Evernote for Oncologist: Connecting the paper and digital realms

ONCNG Oncology, July 2009, Volume 10, Issue 7

Cloud computing, or the storage of data on the Internet, is taking off at a rapid pace, with numerous start-ups and established entities vying for consumer attention and amassing considerable user bases very quickly.

Cloud computing, or the storage of data on the Internet, is taking off at a rapid pace, with numerous start-ups and established entities vying for consumer attention and amassing considerable user bases very quickly. One need only consider services such as Flickr, which as of June 2009 claimed to host over 3.6 billion images, and Google Apps, which reported a cumulative population of 10 million users last September. If you think the market is oversaturated and that you couldn’t possibly use another app, you may change your mind once you discover Evernote, the app that promises to help you “remember everything.” This subscription service, which offers free and premium tiers allows disparate information to be easily captured using your device of choice, and makes this information accessible and searchable at anytime and from anywhere. So, how can Evernote be useful to you as an oncologist? Read on to discover the myriad ways you can capture information in Evernote, as well as four ways to put this app to good use.

Capturing data: Let us count the ways

Data can be entered into Evernote through a variety of means, and you can tag any item to increase searchability and organize the information by creating folders, categories, or notebooks. Evernote automatically adds meta-information to notes, such as date, time, and geolocation, all of which can serve as another means to search for data within the program. New notes can be created using desktop, Web, and mobile versions of Evernote. While you wouldn’t want to write a paper using the mobile version, it is useful for taking short notes and jotting down thoughts and reminders. Notes can also be e-mailed directly into your account, and if you use Twitter, tweets can be sent to Evernote as well. You can also upload images to the service, and if there is text in the image, Evernote will recognize and index it using OCR, or Optical Character Recognition, even if the text is scribbled (eg, a snapshot of a whiteboard). This allows the image to be found when you do a search on any text string.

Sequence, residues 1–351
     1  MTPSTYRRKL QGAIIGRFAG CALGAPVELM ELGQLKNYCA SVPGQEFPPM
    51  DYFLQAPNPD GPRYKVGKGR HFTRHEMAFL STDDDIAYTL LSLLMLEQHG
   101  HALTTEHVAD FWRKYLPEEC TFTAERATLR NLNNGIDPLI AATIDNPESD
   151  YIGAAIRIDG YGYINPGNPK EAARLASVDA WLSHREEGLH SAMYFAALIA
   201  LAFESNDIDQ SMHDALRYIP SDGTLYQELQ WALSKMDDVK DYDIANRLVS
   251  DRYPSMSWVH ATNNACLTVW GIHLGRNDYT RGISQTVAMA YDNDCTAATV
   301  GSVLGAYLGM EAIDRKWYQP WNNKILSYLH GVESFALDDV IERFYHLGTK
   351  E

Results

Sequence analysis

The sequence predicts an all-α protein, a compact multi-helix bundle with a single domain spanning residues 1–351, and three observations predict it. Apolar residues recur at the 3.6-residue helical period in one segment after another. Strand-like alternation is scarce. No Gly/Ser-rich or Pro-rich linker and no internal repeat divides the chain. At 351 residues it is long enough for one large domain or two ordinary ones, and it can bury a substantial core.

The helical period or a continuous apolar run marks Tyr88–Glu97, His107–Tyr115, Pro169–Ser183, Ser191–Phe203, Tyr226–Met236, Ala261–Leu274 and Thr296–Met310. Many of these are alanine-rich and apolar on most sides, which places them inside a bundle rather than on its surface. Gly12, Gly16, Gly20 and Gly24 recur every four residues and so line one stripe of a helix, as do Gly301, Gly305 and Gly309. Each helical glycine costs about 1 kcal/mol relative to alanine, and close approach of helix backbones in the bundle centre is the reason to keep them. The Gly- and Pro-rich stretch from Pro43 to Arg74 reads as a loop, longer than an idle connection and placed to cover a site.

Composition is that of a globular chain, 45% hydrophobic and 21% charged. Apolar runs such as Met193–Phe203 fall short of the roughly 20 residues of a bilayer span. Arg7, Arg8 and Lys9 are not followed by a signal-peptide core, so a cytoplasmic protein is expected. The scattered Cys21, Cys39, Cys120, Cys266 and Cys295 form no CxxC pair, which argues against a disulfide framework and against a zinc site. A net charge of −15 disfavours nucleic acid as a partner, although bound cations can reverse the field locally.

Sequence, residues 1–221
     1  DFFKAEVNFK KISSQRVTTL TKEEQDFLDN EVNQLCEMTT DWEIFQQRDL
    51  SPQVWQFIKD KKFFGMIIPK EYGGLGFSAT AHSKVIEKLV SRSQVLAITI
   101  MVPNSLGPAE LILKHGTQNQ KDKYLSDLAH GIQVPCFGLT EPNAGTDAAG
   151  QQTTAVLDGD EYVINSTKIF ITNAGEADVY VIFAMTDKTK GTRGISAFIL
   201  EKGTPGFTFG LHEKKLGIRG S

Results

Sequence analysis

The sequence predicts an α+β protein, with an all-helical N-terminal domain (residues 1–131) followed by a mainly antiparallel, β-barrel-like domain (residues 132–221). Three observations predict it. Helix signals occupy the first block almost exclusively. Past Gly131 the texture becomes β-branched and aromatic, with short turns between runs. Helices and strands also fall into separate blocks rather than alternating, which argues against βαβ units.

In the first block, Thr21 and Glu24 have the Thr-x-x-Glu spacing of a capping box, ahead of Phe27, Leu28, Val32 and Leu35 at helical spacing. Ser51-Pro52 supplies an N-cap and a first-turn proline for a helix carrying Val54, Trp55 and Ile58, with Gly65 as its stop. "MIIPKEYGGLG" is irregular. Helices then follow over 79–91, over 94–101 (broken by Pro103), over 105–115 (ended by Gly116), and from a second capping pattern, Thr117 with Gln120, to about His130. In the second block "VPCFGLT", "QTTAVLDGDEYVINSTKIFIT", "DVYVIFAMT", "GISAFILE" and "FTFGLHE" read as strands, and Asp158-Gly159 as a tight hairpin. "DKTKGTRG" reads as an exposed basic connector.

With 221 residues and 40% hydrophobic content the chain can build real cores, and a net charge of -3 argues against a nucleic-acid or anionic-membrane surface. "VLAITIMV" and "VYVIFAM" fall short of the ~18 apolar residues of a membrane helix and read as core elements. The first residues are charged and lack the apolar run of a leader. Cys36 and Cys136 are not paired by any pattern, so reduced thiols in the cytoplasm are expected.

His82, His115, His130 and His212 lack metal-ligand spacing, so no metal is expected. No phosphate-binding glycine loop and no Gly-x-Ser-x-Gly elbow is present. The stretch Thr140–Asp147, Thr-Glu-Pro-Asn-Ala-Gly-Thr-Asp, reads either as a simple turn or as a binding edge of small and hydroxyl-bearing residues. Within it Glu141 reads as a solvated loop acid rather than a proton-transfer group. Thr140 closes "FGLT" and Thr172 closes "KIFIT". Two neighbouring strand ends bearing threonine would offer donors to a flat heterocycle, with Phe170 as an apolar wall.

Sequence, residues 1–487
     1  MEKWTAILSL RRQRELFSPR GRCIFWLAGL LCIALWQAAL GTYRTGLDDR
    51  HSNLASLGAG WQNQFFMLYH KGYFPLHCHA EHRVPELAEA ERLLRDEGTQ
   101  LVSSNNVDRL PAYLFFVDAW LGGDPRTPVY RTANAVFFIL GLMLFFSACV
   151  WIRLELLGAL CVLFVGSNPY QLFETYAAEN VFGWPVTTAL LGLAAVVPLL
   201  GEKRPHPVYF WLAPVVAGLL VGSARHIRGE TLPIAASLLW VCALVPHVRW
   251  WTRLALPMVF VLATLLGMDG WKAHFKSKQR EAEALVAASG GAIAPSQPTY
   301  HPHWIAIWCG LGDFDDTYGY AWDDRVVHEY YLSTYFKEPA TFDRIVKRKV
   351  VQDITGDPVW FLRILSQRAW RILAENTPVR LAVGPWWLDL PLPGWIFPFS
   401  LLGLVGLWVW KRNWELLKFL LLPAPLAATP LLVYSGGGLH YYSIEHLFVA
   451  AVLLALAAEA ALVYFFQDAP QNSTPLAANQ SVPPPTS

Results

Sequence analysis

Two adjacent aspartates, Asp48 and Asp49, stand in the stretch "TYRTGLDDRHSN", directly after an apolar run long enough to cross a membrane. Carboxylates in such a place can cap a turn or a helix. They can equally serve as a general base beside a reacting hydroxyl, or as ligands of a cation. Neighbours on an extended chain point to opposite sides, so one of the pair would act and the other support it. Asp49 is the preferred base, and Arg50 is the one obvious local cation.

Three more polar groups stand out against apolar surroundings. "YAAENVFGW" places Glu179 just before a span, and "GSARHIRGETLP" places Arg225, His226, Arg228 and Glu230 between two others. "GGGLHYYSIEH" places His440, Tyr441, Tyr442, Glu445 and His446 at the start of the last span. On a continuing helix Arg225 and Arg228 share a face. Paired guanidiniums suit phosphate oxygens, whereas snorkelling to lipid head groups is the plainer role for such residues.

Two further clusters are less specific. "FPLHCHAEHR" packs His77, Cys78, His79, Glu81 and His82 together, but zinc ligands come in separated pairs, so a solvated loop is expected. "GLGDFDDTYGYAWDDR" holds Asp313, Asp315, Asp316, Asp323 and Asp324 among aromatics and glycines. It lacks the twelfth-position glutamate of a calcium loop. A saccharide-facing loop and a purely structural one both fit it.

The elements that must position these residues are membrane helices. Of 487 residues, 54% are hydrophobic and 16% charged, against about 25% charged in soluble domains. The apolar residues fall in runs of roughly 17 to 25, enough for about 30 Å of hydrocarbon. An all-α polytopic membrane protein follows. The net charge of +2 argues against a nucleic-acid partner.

You can also clip entire Web pages or take screenshots and copy them into Evernote. So, if you are ever quoted or featured in an online article, for example, you can save it for posterity. Existing documents and other content can be dragged and dropped into the desktop clients for Mac and Windows. You can use this feature to quickly copy over any important forms and documents, which may be especially useful if you practice at multiple locations. You can also upload audio recordings and scanned documents—such as receipts, tags, and brochures—directly to Evernote. Because the platform allows any form of data to be captured and placed into the “cloud,” it effectively bridges the gap between the paper and digital realms.

4 ways to harness the power of Evernote

1. Build a clinical database

Because Evernote does a great job of allowing you to capture snippets of information, one of the most obvious uses is to build a clinical database for yourself, which you can organize by topic. For example, you may consider organizing oncology-related information by tumor type, drug, patient resources, supportive care, or any other category that suits your needs. You may consider populating it with prescribing information for commonly administered drugs, relevant articles and abstracts, useful tables or figures from print or online journals, and audio recordings from conferences, Webinars, or other meetings. If there are handouts or other educational resources you like to distribute to your patients, pull them into Evernote so that they are always accessible and can be printed when needed. It’s important to note that your originals are never altered.

2. Create bibliographic databases